Selling Puts – Google

| November 6, 2007 | 0 Comments

A couple of weeks ago, I put on an options trade that made me exactly $5,369 in one day with very little risk.  You read that right.  One day.

Since Brian’s off to Detroit this weekend to investigate Real Estate Investment Trusts or something, I thought you might like to hear about one of my favorite ways to quickly generate some extra cash in the options market.

Although this situation does not present itself everyday, when it does occur you know you have a great chance to make a quick buck (and we know that’s not easy to do in the financial markets).  Let me explain.

Everyone and their brother knew that Google was going to report their 3rd quarter earnings on Thursday, October 18th after the market closed.  By pure coincidence, this date happened to fall one day before the October options on Google expired (options always expire on the 3rd Friday of every month).  In this case, the October Google options expired on Friday, October 19th.

Now, I don’t have to tell you that Google is one of the most followed stocks on the planet these days.  Due to its meteoric rise, Google is the subject of intense speculation on both sides.

And, as many of you know, it is this speculation that pushes up the price of options.  And on this day, the speculation was off the charts.  So I thought to myself, “How can I make some money off of this speculation?”

So, I decided to sell some put options on Google.  I ended up selling 15 October 590 puts (symbol: GOOVR) for $360 a piece.  With commissions, $5,369 was deposited into my trading account that instant.  When I made the trade, Google’s stock was at $638.

Now, here are the scenarios of what could have happened from there.  First, my breakeven was $586.40.  So the only way I could lose any money was if Google’s stock fell below $586.40, in one trading day.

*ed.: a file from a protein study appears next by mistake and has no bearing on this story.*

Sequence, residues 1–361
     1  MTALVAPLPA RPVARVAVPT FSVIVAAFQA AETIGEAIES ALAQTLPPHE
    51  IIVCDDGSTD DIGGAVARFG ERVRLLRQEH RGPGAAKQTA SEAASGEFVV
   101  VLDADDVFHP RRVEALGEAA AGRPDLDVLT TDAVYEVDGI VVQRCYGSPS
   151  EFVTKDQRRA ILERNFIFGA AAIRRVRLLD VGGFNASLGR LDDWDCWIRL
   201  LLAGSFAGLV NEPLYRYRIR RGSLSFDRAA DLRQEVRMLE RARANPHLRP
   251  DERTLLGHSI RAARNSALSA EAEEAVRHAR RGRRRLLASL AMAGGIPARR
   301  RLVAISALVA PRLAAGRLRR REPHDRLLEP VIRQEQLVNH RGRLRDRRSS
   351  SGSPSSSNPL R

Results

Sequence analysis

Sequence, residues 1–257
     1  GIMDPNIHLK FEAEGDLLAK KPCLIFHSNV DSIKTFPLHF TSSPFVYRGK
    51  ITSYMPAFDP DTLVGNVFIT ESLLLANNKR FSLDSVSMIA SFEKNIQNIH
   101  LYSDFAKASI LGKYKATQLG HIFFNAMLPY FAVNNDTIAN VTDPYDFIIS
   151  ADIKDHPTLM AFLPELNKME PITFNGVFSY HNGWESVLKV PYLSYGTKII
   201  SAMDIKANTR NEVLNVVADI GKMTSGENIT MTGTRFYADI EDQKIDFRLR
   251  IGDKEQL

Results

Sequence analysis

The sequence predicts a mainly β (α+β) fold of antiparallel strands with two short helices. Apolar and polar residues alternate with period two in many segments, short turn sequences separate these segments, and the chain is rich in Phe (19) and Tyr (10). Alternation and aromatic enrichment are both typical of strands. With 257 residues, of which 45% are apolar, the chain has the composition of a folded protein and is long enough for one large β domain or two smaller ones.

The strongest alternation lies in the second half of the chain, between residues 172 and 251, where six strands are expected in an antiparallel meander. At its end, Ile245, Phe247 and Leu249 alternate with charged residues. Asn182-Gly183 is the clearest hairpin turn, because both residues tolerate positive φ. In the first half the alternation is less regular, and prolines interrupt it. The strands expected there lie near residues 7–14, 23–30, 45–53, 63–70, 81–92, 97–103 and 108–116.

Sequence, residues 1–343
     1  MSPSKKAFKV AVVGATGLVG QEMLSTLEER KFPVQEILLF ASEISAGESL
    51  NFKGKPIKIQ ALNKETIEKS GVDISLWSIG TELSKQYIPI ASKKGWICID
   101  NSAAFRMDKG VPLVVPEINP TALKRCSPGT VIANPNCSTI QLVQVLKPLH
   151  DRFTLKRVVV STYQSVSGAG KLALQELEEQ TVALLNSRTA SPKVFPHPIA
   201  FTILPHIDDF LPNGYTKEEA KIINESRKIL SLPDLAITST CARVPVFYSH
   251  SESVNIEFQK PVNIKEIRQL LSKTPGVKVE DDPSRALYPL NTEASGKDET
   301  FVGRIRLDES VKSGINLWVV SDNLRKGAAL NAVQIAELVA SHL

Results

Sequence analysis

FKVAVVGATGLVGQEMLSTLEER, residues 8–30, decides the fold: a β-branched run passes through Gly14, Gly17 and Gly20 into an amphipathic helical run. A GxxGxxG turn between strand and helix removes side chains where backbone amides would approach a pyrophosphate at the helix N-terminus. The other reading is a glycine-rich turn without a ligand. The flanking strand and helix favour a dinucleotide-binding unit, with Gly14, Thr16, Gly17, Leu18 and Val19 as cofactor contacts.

But here’s the good part, if Google’s stock closed anywhere above $590, I would pocket the entire $5,369.  So, for me to lose any money, Google’s stock would have had to fall over 50 points in that one trading session.  If it didn’t, the option would expire worthless, and I’d get to keep the premium.

To tip the trade even more in my favor, it was common knowledge that Google was going to report a good number.  Google had been firing on all cylinders quarter after quarter and the word on the street was that this one was going to be particularly good.

So, what exactly did happen.  Well, after the close on that Thursday, Google reported a good number, the stock price went up 10 bucks, and I made a very quick, and very easy $5,369.  Its always nice finding a trade where you make money if the stock falls, does nothing, or goes up!

Although this one worked perfectly, there are some things to watch out for when selling puts.  First, you’ve got to keep a fair amount of margin in your account in case the stock falls below your strike price and you end up having to buy the shares (the margin requirements are especially high for higher-priced stocks like Google).

Second, your losses could be substantial if the stock you’re targeting plummets past your strike price.  So, lets say Google had reported a bad number (yeah right) and the stock had fallen 100 points that Friday.  I would have lost my shirt.

So, although selling puts can be an extremely profitable proposition, you’ve got to be careful where and when you place your trades (like any other investment!).  And, as always, make sure the probabilities are stacked in your favor before making any trade.

By the way, Hyperion is looking into launching a new options research service that identifies trades like this before they happen.  We’ll keep you updated but be sure to let us know if that’s something you’d like to see…


Category: Options Trading

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The Dynamic Wealth Report works with a number of staff writers and guest experts who specialize in everything from penny stocks to ETFs to options trading. These guest analysts post under the 'staff writer' moniker for ease of use.

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